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November 05, 2008

Pragmatic Hope


Eight years ago I was diagnosed with cancer at age twenty-seven. Eight years ago George W. Bush also became President of the United States. I’m not delusional enough to believe there is a connection between these two events, however, in the history of my own personal life, they are deeply entwined.

November 4, 2000, I was lying in bed three days post-surgery. My thyroid and 30 tumors were removed from my neck. My mom was asleep on a dingy futon on the floor of my studio apartment. Exhausted from the chores of motherly caregiving, she slept soundly while I listened to the radio. The announcers were ticking off states as they rolled in. Florida went to Gore. But in a short while the announcer remarked that there maybe a problem and they began suggesting recounts.

I could not sleep. It was not the election, it was my nerves, my fear of impending radiation, and my realization that I had just been diagnosed with cancer. The rapidly unfolding election debacle was a nightmarish distraction from my own private hell. When my mom woke up in the morning, I had still not gone to sleep. Sitting in our beds, I told her the whole story that rest of America was just waking up to.

I’m not an optimist. I’m a pragmatist. For me, hope is not a solution for fighting cancer. For me, faith is not the key to survival. Vigilant watch over my doctors, continual education, and relentless research in an effort to find unopened doors – that is how I surmount my cancer. After multiple surgeries, many goes at treatment, my cancer persists. Eight years later, I am thirty-five years old and still not cancer free.

I am not insane enough to believe that my cancer is tied to the election. But tonight, in a crowded bar in Chicago, as I watched Obama’s victory speech, I secretly hoped to myself that this much needed change in our government would some how usher in a change in my health. Maybe the four letter word plastered on buttons, t-shirts, and bumper stickers around town has sunk into my subconscious; for the first time in eight years, tonight I dared to hope. The feeling didn’t last long. Just about the length of Obama’s speech. When it was over, I turned to my husband and said, “He better make good on his word to eliminate pre-existing condition exclusions.” Like I said, I’m a pragmatist.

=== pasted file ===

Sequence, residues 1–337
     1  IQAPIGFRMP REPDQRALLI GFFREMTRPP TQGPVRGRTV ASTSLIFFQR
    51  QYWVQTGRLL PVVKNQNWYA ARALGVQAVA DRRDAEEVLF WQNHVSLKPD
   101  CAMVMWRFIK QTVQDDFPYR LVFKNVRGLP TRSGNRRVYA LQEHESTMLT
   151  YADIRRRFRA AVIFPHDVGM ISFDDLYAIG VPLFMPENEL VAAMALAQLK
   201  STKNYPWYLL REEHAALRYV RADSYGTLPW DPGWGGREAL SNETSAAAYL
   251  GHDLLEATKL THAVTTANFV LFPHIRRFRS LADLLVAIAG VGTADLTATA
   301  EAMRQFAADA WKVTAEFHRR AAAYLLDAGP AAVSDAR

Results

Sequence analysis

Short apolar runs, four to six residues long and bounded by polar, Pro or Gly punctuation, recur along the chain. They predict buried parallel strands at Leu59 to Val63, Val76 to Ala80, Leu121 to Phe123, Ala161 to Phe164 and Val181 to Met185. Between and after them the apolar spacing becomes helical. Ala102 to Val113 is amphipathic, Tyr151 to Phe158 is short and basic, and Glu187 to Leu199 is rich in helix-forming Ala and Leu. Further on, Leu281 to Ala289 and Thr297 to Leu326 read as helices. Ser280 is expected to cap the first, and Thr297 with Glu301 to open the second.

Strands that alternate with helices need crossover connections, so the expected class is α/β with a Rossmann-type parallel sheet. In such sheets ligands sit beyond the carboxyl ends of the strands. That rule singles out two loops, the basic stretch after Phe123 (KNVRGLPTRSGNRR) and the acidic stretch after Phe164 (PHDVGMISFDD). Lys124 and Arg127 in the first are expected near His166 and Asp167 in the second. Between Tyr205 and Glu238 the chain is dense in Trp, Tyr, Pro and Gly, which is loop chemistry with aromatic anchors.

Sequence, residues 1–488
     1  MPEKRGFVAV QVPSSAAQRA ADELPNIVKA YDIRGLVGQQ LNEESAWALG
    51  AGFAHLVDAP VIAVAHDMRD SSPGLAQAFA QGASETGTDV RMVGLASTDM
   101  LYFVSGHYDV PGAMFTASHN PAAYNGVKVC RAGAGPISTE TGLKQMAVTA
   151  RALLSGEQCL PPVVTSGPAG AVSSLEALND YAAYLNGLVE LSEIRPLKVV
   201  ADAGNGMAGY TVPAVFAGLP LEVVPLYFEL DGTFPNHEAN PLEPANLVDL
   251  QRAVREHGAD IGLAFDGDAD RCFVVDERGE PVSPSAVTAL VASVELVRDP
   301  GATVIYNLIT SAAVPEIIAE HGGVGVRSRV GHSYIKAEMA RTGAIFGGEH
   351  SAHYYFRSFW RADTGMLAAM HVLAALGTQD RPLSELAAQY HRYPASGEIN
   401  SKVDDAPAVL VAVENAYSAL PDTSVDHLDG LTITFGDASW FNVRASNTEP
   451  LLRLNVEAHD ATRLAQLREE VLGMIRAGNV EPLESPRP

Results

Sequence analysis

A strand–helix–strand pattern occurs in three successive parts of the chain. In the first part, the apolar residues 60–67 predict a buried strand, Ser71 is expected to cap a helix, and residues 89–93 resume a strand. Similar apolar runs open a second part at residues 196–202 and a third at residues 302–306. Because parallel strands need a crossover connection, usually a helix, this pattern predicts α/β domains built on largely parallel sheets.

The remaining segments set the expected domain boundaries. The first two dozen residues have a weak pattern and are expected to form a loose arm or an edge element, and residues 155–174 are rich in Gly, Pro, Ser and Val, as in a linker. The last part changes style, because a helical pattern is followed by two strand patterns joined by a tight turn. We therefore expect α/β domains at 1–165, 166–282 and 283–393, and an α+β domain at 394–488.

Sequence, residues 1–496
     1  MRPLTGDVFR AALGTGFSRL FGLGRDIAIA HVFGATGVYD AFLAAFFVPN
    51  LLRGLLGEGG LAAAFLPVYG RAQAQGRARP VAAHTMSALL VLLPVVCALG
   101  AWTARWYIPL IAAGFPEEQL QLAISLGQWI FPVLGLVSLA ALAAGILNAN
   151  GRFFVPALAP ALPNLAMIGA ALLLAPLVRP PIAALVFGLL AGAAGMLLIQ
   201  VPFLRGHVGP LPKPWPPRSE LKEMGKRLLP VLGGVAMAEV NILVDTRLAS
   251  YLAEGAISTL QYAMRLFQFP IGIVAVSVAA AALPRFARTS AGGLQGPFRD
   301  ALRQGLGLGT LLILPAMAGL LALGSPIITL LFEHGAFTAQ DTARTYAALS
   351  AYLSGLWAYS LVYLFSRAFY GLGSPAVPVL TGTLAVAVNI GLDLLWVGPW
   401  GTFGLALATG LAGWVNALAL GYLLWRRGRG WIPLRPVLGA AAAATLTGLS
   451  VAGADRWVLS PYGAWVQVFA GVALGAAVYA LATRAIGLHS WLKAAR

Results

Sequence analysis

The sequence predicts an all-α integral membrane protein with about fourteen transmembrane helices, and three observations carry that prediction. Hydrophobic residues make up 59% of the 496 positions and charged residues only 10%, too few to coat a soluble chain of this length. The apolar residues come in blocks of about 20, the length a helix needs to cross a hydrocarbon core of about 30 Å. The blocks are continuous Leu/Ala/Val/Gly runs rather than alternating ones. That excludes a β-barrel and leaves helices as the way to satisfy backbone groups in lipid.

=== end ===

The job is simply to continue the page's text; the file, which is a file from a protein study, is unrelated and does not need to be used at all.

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November 03, 2008

Twice the Stupidity – Half the Price


“Same bottle. Same medication. Same pharmacy. So why does one bottle cost 50% less?” This was the ad copy printed above a photo of two orange prescription pill bottles on a glossy mailer I found in my mailbox. It was sent to me by my insurer, United Healthcare. Inside the mailer is a description of United Healthcare’s inane Half Tablet Program:

1. Your doctor writes a new prescription for twice the strength and half the quantity, noting your intent to split the tablets on your prescription.

2. Fill the prescription, automatically paying only half your usual co-payment.

3. Split each tablet and take half—you get your usual supply for half the cost.

Excuse me, but was the legal department on vacation the month United Healthcare created this program? Is their goal to increase the risk of improper dosing?

The Half Tablet Program is clearly not about helping patients, but rather about cost savings for United Healthcare. (Remember, this program gives them a smaller tab to pick up too.) Can I fault them for wanting to save on the exorbitant costs of prescription drugs? No. But certainly they can find saner and safer ways to coerce savings than asking patients to chop our meds in half.

Let’s eliminate half of the Barbie Doll drug reps trolling through doctors’ offices carting cases of samples. Let’s slash pharma CEOs’ pay in half. There are all kinds of solutions to reduce the cost of medication. Putting my health at risk by whacking my prescription pills in half is not one of them. Did I mention that if you act now United Healthcare will send you a free plastic pill splitter? Enticing. But I still think I’ll pass.